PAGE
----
The recent Vintage Beer, Wine & Spirits Labels exhibition at the California Historical Society (CHS) combined three of my biggest passions in life:
- Printing (I used to be a graphic artist and still work in the printing industry);
- History (I’m a big historical preservation buff);
- Beer (duh).
The exhibit, from CHS’s Kemble Collections on Western Printing and Publishing, featured labels printed in the 1930s by the Lehmann Printing and Lithographing Company of San Francisco.
The firm seemed surprisingly depression-proof, as the repeal of Prohibition in 1933 created an instant demand for now-legal alcoholic beverages. The company, founded with $190 in 1911 by Adolph Lehmann, was by 1935 one of the largest printing facilities in the country, valued at $600,000 and employing 100 people.
Demand was so high, in fact, that Lehmann became a pioneer in developing “stock” or generic labels that could be shipped to a manufacturer to then tailor to their specific products.
The wine industry was also having trouble keeping up, and for decades after repeal produced oceans of sickly-sweet, highly alcoholic wine made of grapes unsuited for the purpose.
The labels, therefore, had to convey the quality that wasn’t in the bottle. Lehmann’s house style was in full display — exuberant, saturated, flashy colors, bold art-deco-style lettering, and scenes of rolling, vineyard-covered hills.
Early forms of product positioning are also evident. Depending on the demographic the client was targeting, labels might feature anything from couples in suits and gowns out on the town, to prospectors panning for gold in the mountains.
Wine, spirit, and produce labels made up the majority of the exhibit. But I, as usual, was here for the beer.
Forgive the quality of these photos. Ansel Adams with a cellphone I aint.
They may be hard to see here, but numbers are stamped on most of the labels (25, 35, 50, etc.). These indicate, in thousands, the print order for each label.
Depression Proof, indeed.
Of course, all of the San Francisco area breweries have long since passed, and through acquisitions and mergers (sound familiar?), their histories are murky and difficult to track down (although I tried a while back). Here’s a brief glimpse.
Founded in 1868 as Bay Brewery, Milwaukee Brewing (as it was known by 1880) moved to 10th Street in 1891. Closed by Prohibition in 1919, it reopened in 1933 as part of the new San Francisco Brewing Corporation. The San Francisco Brewing Company (see the Tru-Bru label) was also part of that group.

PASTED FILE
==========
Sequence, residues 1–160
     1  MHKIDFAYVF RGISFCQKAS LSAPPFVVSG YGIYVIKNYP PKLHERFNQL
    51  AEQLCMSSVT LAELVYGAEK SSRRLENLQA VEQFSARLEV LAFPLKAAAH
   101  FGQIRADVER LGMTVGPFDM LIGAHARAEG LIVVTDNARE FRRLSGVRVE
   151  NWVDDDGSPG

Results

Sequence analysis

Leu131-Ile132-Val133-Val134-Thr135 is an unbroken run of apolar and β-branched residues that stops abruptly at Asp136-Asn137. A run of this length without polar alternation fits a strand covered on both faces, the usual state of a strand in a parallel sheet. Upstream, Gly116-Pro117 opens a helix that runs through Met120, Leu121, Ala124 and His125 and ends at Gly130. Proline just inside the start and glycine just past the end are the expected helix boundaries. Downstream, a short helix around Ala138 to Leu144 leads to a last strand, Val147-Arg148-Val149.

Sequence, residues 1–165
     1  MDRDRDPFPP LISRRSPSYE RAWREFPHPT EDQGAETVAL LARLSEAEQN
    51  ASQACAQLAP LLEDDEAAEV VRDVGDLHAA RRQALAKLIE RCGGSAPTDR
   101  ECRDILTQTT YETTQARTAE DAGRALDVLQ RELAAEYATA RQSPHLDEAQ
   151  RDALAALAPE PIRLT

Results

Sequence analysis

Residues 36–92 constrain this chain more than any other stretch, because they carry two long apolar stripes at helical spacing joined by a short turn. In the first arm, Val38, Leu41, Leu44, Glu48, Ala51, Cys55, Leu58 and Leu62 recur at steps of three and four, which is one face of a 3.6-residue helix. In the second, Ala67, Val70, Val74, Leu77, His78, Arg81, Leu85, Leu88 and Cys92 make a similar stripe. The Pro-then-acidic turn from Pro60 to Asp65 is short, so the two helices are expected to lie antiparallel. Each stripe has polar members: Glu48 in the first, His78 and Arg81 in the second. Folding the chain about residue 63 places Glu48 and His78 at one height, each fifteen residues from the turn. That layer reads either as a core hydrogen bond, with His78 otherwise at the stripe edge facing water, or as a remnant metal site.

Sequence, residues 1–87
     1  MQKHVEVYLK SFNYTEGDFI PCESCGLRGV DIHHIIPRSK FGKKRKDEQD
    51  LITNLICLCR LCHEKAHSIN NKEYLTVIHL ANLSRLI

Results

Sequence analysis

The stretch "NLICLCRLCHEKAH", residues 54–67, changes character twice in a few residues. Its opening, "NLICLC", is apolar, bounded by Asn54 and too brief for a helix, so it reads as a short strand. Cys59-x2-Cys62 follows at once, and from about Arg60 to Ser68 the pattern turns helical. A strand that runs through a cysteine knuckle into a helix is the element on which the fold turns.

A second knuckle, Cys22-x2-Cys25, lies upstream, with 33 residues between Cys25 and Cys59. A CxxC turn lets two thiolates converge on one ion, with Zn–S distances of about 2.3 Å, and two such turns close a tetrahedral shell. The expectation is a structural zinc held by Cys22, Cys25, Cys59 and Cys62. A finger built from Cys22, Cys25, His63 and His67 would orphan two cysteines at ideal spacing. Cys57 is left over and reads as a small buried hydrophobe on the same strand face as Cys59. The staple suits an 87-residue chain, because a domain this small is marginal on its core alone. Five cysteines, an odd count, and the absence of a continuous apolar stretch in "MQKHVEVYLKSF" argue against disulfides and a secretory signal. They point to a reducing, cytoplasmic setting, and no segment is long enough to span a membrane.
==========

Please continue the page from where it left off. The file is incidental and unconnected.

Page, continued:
The 10th Street facility was renamed Burgermester Brewing in 1956 after the Corporation’s then most popular beer, and had a peak capacity of 900,000 barrels. It was eventually sold to Schlitz, who eventually sold it to Flagstaff, who closed it permanently in 1978.
The site is now a Costco.
United States Brewing began in the 1880’s on Fulton Street, and by 1890 had been consolidated under British ownership into San Francisco Breweries, Ltd. Only one of the conglomerate’s brands, Fredericksburg Brewing in San Jose, survived Prohibition.
Seattle-based Rainer Brewing opened their San Francisco facility in 1915 to try an end-run around the growing temperance movement. Washington state had recently voted to become dry, and Rainer’s ownership gambled that California, due its robust wine industry, would remain a hold-out.
They were wrong, of course. But under new ownership, Rainer relaunched after Prohibition and continued brewing in San Francisco until Hamm’s purchased their facility in 1953.
If you missed this wonderful exhibit, I highly recommend its companion books — “Vintage: California Wine Labels of the 1930s,” and “Well Aged: California Whiskey and Spirits Labels of the 1930s.” Both are filled with vivid examples of Lehmann’s art, and offer great insight into the challenges of both the Depression-era manufacturing and post-Prohibition alcohol industries.
Speaking of books, researching this post reacquainted me with “San Francisco Beer: A History of Brewing By The Bay” by Bill Yenne. Filled with historical photos, this is a must have if you’re a beer and history geek like me (although it can already use an addendum since its 2016 printing).
Okay, history lesson over. Time to check out some contemporary labels I keep on file — in my fridge.